Impacting Native Communities
This Episode 1 of a mini docuseries of Dr. b Collections that is about a Native American team's journey of a new brand creation. Dr. b Collections is an amazing line of products that combines fashion, culture and giving back to Indigenous communities. Join us in our JOURNEY!
Episode 2 introduces new teammates to the squad while honing in on the development of the first two scarves. Get ready for a lot of "Ayyyy-ing" this episode! Please visit our website at: www.drbcollections.com
Mental and behavioral health have been greatly impacted as a result of COVID-19 and has disproportionally affected Indian Country.
Find out more information on below.
American Indian and Alaska Natives make up only 2.4% of the United States population, however, tribal nations and communities have been the most affected by COVID-19. With higher rates than any other communities, Indian Country was devastated by COVID-19 and still suffers from the repercussions. Navajo Nation alone has been faced with a total of over 30,662 cases of COVID-19 and over 1,285 confirmed deaths. At the end of 2020, Indigenous peoples in American were 3-5 times more likely to test positive for COVID compared to white non-Hispanic individuals. Tribal nations across the country have been faced with many health disparities rooted in racial inequity and historical traumas.
Tribal communities were more at risk to exposure due to many factors. Across the country, many of these communities do not have access to running water, electricity and even need to travel hours to get tot he nearest grocery store or hospital. The Northern Cheyenne Tribe in Montana lost 1% of their reservation population to COVID due to these challenges and exposure. These challenges are compounded by the fact that health facilities and supplies are scarce across many reservations. The most impacted areas are not obtaining resources like protective equipment and test kits proportionate to their need and were not ready for the needed response to this global pandemic.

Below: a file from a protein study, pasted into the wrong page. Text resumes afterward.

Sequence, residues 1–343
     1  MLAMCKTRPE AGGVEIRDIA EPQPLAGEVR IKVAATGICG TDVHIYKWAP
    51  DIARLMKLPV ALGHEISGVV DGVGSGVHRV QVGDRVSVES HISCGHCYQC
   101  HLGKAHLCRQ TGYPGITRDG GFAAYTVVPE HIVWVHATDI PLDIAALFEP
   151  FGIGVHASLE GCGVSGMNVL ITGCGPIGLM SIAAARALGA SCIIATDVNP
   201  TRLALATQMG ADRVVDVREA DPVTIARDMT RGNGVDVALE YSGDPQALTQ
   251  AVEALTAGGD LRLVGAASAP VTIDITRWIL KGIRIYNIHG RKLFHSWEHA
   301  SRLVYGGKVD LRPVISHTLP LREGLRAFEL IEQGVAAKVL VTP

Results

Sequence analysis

The community is working to the best of their ability but long-standing inequities present these difficult challenges. It is clear that there will be lasting effects on not only the physical health of Indigenous peoples across the country but also mental and behavioral impacts as well. Contribute to help address medical and community needs today. In solidarity, when disaster strikes, we can hold up the value of ALL of our neighbors.
(Disclaimer: United Natives is NOT representing the Navajo Nation, but is working with Navajo community members to donate needed supplies to Navajo communities.)